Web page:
What do I do at this point if the creditors continue to harass and are my rights being violated? 8 Answers as of September 09, 2015

My husband filed chapter 7 bankruptcy. It was discharged on 04/27/15 and was closed on 07/06/15. We had one account that we were going to reaffirm, however the judge ruled against the reaffirmation on the account which for a title loan against my 2 vehicles, stating that paying this account would cause undue duress and the interest rate charged was too high. We filed the proper forms to set aside this account as noted by the judge was to set aside this account and add to the bankruptcy. However, the creditor continued to pursue and harass this account that was added to the bankruptcy.

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Ronald K. Nims LLC | Ronald K. Nims
If it's an auto loan, the creditor is entitled to repo the cars but they are not allowed to harass you for payment.
Answer Applies to: Ohio
Replied: 9/9/2015
Janet A. Lawson Bankruptcy Attorney
Janet A. Lawson Bankruptcy Attorney | Janet Lawson
The lien did not go away. The debt is secured by the car. If you keep paying you can keep it. If you stop paying and they repossess it, they can't get any money from you. All they get is the car. Sorry for the delay in answering.
Answer Applies to: California
Replied: 9/2/2015
Stephens Gourley & Bywater | David A. Stephens
Unless the judge released the title loan completely, you will still have to pay them something to get the title to your car back, unless you do not care about the car. Are they aware that the loan was not reaffirmed. You should so advise them in writing and if it continues seek contempt.
Answer Applies to: Nevada
Replied: 9/1/2015
Mauritz Van Niekerk, Attorneys at Law
Mauritz Van Niekerk, Attorneys at Law | Christiaan van Niekerk
The creditor should leave you alone at this stage and not contact you.
Answer Applies to: New York
Replied: 8/31/2015
A Fresh Start
A Fresh Start | Dorothy G Bunce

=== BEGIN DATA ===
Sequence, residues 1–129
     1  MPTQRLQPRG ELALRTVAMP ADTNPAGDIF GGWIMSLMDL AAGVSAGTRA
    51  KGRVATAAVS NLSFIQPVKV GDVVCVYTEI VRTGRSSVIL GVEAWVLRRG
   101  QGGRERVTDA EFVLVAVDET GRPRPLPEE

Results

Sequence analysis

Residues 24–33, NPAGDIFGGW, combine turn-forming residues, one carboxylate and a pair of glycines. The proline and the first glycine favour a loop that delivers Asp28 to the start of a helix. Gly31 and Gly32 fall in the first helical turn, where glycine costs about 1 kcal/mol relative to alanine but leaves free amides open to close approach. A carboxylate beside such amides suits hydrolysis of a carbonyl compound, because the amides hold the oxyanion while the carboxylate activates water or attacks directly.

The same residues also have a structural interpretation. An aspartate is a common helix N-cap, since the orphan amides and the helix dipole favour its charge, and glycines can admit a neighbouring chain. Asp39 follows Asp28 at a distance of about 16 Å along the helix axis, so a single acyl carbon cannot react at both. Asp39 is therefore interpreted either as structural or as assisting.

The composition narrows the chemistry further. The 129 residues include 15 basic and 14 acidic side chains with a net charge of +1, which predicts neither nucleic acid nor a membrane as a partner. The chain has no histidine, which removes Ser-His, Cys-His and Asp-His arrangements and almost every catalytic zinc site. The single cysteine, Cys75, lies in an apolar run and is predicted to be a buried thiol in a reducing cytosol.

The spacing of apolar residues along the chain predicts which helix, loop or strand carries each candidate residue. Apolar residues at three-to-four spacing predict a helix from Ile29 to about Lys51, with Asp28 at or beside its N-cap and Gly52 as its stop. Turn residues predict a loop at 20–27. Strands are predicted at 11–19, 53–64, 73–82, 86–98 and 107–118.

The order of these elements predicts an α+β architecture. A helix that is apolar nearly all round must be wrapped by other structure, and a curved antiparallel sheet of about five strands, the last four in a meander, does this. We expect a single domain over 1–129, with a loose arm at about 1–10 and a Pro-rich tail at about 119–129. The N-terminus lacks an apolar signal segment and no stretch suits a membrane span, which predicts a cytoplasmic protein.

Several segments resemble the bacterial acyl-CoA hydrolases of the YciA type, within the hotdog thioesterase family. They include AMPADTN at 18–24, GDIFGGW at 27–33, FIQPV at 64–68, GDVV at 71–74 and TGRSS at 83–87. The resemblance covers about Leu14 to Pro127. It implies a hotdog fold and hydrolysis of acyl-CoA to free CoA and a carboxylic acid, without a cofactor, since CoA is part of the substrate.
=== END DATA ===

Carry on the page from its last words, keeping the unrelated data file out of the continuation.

A strongly worded letter from your husband?s bankruptcy attorney about pursuing a discharge violation may resolve this issue. If your husband was not represented in his Chapter 7, finding an attorney to file suit for a discharge violation is going to be a problem as many attorneys will not work on a case where the debtor filed pro se.
Answer Applies to: Nevada
Replied: 8/31/2015
    Richard B. Jacobson & Associates, LLC | Richard B. Jacobson
    Of course this creditor is likely violating the Discharge of 11 USC sec. 524. There is a chance that the creditor is not doing so knowingly since the creditor presumably has a signed reaff. agreement in hand, and may not be aware that the Court did not approve the reaffirmation. So...if you had a lawyer in the case, discuss with him or her the desirability of filing a Motion for Contempt against this creditor. If you had no lawyer, it would likely be a good idea to retain one. But I do think that a single warning letter to the creditor, informing it of all the relevant facts and written in a polite but firm manner, might stop the harassment. And the fact that you did give a warning will look better in your motion papers if you must go for contempt.
    Answer Applies to: Wisconsin
    Replied: 8/31/2015
    Musilli Brennan Associates PLLC
    Musilli Brennan Associates PLLC | John F Brennan
    If the creditor is seeking to repossess the cars, that is its right, if it seeking to collect the deficiency after the cars are repossessed and sold it is wrong. See your bankruptcy attorney.
    Answer Applies to: Michigan
    Replied: 8/31/2015
    The Law Office of Darren Aronow, PC
    The Law Office of Darren Aronow, PC | Darren Aronow
    Reopen your case and file for a discharge violation against that creditor.
    Answer Applies to: New York
    Replied: 8/31/2015
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